For Yvonne, it began with a single stray eyebrow hair. She was 14 when the girls in class started to tweeze their brows into fashionable arches. She remembers plucking that first...
For Yvonne, it began with a single stray eyebrow hair.
She was 14 when the girls in class started to tweeze their brows into fashionable arches. She remembers plucking that first wayward hair. The next thing she knew, the bathroom counter was covered in tiny brown hairs, and all that remained of her eyebrows were bald red welts.
She felt shocked and disgusted, but mostly disappointed there were no brow hairs left to pull.
Soon went the eyelashes. Then her fingers crept to her scalp.
Yvonne asked that her last name not be used. Today, at 47, the Bellevue woman wears a full wig and artfully applied eye makeup to hide her secret: It’s called trichotillomania.
Experts say compulsive hair pulling, or “trich,” is one of the most shrouded, least understood psychological disorders. It’s thought to affect 1.5 to 3.5 percent of people more often women at some point in their lives. For some, especially young children, it’s a passing bad habit; for others, it’s a lifelong struggle.
This goes far beyond overzealous bikini waxes and snapping out grays. These are people who are overwhelmed by the urge to pull out strand after strand of hair, usually from the head or face, until significant patches are missing. The word trichotillomania (trick-oh-till-oh-mania) literally means “hair-pulling frenzy.”
Little research has been done in the area, and many doctors and therapists are treating by trial and error. “It’s where anorexia was in the ’60s or ’70s,” says David Kosins, a Seattle psychologist who’s worked with dozens of pullers.
But there are signs trich is coming out of the closet. Last month, scientists, psychologists and advocates convened at the National Institute of Mental Health to share notes on the disorder. Web sites with names like www.StopPulling.com have popped up. And in the November issue of GQ, actor Colin Farrell admitted to being “a hair puller-outer.”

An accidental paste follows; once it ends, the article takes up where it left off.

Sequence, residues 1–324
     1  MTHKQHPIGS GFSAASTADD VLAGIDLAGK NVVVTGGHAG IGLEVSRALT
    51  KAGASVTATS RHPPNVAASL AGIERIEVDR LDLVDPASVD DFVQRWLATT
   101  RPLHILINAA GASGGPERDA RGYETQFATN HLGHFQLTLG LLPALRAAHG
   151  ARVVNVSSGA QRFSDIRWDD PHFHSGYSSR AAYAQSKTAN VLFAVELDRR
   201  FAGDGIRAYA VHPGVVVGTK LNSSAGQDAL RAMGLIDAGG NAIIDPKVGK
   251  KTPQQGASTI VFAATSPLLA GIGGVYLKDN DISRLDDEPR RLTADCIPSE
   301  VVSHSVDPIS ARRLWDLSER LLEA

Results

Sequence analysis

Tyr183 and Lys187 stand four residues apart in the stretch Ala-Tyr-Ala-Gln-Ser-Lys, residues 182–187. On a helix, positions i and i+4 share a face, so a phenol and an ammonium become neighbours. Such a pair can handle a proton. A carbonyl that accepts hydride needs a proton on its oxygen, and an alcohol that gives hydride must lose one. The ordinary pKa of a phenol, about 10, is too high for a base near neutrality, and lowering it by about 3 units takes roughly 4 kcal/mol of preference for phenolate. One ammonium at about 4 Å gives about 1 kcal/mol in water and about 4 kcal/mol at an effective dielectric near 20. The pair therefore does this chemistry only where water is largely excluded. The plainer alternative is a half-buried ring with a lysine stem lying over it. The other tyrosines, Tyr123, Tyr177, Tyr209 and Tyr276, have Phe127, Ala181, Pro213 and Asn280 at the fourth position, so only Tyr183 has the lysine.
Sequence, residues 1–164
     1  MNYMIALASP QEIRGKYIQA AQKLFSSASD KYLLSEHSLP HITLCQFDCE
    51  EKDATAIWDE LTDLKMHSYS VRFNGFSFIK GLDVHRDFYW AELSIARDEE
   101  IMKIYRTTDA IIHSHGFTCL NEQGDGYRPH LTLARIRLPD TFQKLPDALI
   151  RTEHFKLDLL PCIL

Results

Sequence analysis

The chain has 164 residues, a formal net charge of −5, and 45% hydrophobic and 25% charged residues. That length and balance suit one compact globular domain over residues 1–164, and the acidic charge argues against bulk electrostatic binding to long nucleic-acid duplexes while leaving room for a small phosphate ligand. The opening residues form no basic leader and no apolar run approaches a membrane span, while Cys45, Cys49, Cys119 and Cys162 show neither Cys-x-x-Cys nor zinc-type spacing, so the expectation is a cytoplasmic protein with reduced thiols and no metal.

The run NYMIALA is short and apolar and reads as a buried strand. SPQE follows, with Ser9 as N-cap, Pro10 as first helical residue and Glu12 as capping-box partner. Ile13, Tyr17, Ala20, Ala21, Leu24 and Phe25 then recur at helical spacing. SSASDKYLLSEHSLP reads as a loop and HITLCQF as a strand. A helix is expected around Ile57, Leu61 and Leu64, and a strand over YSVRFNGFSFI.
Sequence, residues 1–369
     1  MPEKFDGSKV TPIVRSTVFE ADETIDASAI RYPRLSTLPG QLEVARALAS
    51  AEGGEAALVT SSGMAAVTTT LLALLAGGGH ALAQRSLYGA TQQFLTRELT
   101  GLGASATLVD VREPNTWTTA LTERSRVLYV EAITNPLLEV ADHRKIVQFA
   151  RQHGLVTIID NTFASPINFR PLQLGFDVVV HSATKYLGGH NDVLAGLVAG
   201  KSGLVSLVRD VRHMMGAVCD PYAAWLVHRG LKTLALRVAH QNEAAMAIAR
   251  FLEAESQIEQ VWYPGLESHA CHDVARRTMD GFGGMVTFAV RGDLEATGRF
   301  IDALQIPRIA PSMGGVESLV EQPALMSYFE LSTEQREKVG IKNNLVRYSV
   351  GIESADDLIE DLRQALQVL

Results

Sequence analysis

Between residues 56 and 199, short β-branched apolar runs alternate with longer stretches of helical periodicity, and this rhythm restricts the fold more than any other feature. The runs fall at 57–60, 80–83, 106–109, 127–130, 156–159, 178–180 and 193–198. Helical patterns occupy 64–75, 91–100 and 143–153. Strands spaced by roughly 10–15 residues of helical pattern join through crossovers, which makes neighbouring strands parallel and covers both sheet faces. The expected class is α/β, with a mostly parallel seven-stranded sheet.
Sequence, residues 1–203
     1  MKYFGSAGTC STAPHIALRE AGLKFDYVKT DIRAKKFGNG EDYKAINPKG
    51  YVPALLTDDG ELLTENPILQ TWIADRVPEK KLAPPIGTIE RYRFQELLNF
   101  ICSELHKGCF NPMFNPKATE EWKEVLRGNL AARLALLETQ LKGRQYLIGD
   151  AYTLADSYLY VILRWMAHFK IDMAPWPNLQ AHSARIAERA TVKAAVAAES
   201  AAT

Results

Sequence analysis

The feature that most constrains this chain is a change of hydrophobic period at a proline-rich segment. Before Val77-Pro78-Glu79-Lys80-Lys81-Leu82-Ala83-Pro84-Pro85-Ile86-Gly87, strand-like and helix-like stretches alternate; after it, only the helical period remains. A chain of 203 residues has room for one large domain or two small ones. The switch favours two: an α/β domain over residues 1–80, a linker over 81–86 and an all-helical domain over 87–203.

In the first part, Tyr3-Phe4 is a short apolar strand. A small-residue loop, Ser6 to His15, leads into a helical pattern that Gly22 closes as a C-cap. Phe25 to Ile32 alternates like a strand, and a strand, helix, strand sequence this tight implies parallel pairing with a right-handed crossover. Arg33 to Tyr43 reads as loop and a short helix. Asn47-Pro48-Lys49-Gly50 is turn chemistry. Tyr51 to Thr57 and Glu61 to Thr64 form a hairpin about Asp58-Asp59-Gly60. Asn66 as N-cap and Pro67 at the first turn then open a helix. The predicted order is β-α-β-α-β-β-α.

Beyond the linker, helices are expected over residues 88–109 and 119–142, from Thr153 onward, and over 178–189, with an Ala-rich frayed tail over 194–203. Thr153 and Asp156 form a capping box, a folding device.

Seattle receptionist Alyssa, 24, has been pulling from her scalp since she was 14. The worst thing about the palm-sized bald patch that she covers with a wide headband, she says, is that she did it to herself and doesn’t know why.
That’s what makes the behavior so baffling. Why would anyone want to pull out their hair? When a typical person tugs out a strand of hair, it smarts.
But for people with trich, “it fills some need that’s not easy for the rest of us to understand,” says Charles Mansueto, a psychologist who specializes in trichotillomania around Washington, D.C.
Alyssa says pulling soothes her when she’s stressed and occupies her fingers when she’s bored.
Five-year-old Julie, of Mukilteo, who plucked herself bald in the first months of kindergarten, doesn’t even know she’s doing it. She absentmindedly tugs her hair then rolls it into cocoons between her fingertips as she watches TV or lies in bed. It seems to calm her, the way thumb-sucking does other kids, says her mom.
Others, like Yvonne, report intense pleasure from pulling. She grows mesmerized looking at the roots and often nibbles on the hair. (About a quarter of pullers do something oral with the hair, like rub it on their lips or chew on it.) The craving has left her with only a Friar Tuck fringe under her shag wig.
A recovering alcoholic, Yvonne compares trich to a fierce addiction. She hasn’t had a drink in 11 years but is unable to stop pulling.
A “behavioral prison”
Christina Pearson, who heads the Trichotillomania Learning Center in Santa Cruz, Calif., calls the condition a “behavioral prison.”
“The conscious part of me was trying to stop but all the while my body felt like it was doing what it needed.”
For many, the consequences go well beyond the cosmetic, she says. Some feel helpless, out of control, consumed by shame and ever fearful that a gust of wind will expose their secret. They avoid mirrors, skip swimming and boating and push away loved ones for fear that they’ll be deemed crazy.
The impulse to pull often begins around puberty and multiplies teenage self-consciousness a hundredfold.